Prepare For Turbulence

6 05 2008

“The Flyboys” 2008

Starring: Jesse James, Reiley McClendon, Stephen Baldwin, and Tom Sizemore

I’m not sure if it was the shared excitement of attending the opening night of the Syracuse International Film Festival that made the audience exceptionally enthusiastic about this film. Perhaps it was the fact that they were able to share the theater with the film’s starring character. Possibly neither, as opening night marked the Film Fest’s 5th annual visit to the Central New York city, and Stephen Baldwin and his equally famous brothers are proudly regarded as friends and neighbors by default to residents of their native Syracuse.

Whatever the explanation, Rocco DeVilliers “The Flyboys” captivated each individual in the jam-packed theater, with collective “ohhs” and “ahhs” and “oh nos!” audible at every twist and turn in the story. I might classify this film as a pre-teen fairy tale for adolescent boys. “The Flyboys,” as they are dubbed halfway through the film, are two junior high school-aged friends who in the span of two days find themselves twice flying a mobster-owned airplane unaccompanied by adults, jumping out of the airborne airplane without the encumbrance of anything so troublesome as a death-preventative parachute, and are invited by hardened criminals to enjoy a smorgasbord of virtual toys conveniently located in their basement game room. It’s ridiculous. Utterly and undeniably impossible, even laughable. And I haven’t even started talking about the assortment of cringingly sentimental sequences littered throughout the film.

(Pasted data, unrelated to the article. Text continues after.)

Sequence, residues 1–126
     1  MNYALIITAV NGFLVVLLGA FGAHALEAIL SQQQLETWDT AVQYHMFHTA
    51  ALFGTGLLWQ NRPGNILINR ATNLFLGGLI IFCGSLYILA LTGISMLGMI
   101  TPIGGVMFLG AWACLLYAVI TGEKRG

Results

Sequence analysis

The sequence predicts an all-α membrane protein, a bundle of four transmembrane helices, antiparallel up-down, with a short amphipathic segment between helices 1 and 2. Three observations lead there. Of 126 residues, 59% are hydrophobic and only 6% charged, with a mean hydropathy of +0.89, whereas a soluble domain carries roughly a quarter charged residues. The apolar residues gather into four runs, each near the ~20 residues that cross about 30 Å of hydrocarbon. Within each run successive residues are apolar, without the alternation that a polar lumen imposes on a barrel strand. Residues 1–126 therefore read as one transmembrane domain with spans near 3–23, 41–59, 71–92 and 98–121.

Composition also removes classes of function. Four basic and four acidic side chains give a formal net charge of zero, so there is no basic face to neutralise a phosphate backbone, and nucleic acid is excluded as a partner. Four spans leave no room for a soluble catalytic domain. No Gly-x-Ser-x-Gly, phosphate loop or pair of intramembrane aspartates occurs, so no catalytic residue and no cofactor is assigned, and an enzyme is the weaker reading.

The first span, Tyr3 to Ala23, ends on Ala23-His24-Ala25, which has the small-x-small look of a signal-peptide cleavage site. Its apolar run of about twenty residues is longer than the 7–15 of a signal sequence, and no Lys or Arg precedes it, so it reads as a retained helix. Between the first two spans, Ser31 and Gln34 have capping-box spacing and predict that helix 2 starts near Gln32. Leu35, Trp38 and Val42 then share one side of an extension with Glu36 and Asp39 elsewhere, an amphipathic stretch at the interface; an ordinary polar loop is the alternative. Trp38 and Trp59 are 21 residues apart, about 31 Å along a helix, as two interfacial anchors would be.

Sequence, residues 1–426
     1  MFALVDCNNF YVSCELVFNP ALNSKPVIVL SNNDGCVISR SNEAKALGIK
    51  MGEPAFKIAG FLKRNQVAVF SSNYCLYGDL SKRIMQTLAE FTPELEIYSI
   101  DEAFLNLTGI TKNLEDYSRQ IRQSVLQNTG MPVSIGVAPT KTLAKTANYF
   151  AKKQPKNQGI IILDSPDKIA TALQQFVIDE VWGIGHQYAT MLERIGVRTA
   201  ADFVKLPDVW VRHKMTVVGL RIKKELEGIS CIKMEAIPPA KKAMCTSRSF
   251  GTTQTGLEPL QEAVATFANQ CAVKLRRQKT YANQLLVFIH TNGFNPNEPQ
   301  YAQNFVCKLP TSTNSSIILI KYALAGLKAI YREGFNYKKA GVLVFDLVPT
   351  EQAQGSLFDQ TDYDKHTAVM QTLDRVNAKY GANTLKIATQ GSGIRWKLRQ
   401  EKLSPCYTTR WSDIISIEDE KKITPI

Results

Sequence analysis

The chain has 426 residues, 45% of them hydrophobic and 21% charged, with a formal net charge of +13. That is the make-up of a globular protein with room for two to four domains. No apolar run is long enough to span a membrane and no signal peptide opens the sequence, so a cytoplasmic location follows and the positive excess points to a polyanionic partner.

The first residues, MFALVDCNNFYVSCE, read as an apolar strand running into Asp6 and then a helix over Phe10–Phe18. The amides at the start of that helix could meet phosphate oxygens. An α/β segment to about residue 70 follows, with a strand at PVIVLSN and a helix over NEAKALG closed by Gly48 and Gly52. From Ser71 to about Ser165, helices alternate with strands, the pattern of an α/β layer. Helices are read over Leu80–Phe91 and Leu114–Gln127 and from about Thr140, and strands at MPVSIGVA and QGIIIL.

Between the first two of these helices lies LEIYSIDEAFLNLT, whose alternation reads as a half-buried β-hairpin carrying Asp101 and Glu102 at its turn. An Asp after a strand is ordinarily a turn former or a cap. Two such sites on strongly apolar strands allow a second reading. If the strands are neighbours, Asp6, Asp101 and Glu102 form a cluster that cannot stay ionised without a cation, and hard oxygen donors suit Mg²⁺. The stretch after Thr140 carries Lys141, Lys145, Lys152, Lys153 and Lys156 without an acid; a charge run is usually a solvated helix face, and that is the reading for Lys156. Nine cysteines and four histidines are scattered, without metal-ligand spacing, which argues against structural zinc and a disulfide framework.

This is the kind of story that can only take place in cinema fantasy land. It’s a place they used to visit frequently generations ago, before actors acting like they are doing anything but acting became the order of the day. Back then movies were not made to reflect a society’s score of idiosyncrasies, or to depict a slice of life story that could easily have happened to our next door neighbor or the friend of our sister’s husband’s second cousin. Back then, it was still necessary for a film to tell a story about something that was ever so slightly out of reach to its audience. It was still acceptable to over-sentimentalized connections between characters and twist physics and facts just enough to let the viewer know there while there would be no Never-Neverland or Yellow Brick Road, it would still be feasible for a character to survive a parachute-less free-fall from a pilot-less plane.

When Steven Baldwin rose to present the film as a courtesy to his director, who was diligently manning the projection room, he invited us to enjoy what he believes is a highly entertaining picture. Despite the film’s flaws, I was never bored, and I left the theater that night with a smile on my face. Perhaps it did take place in Neverland after all. Where gangsters are bad but not too bad. Where thieves feel regret about a betrayal and crime kings make fatherly role-models for adolescent boys. Where good kids get the better of bullies instead of the other way around, and romance is easy and innocent, even between adults. It’s the kind of world I wouldn’t mind visiting again, if only for 90 minutes or so.

♦♦½

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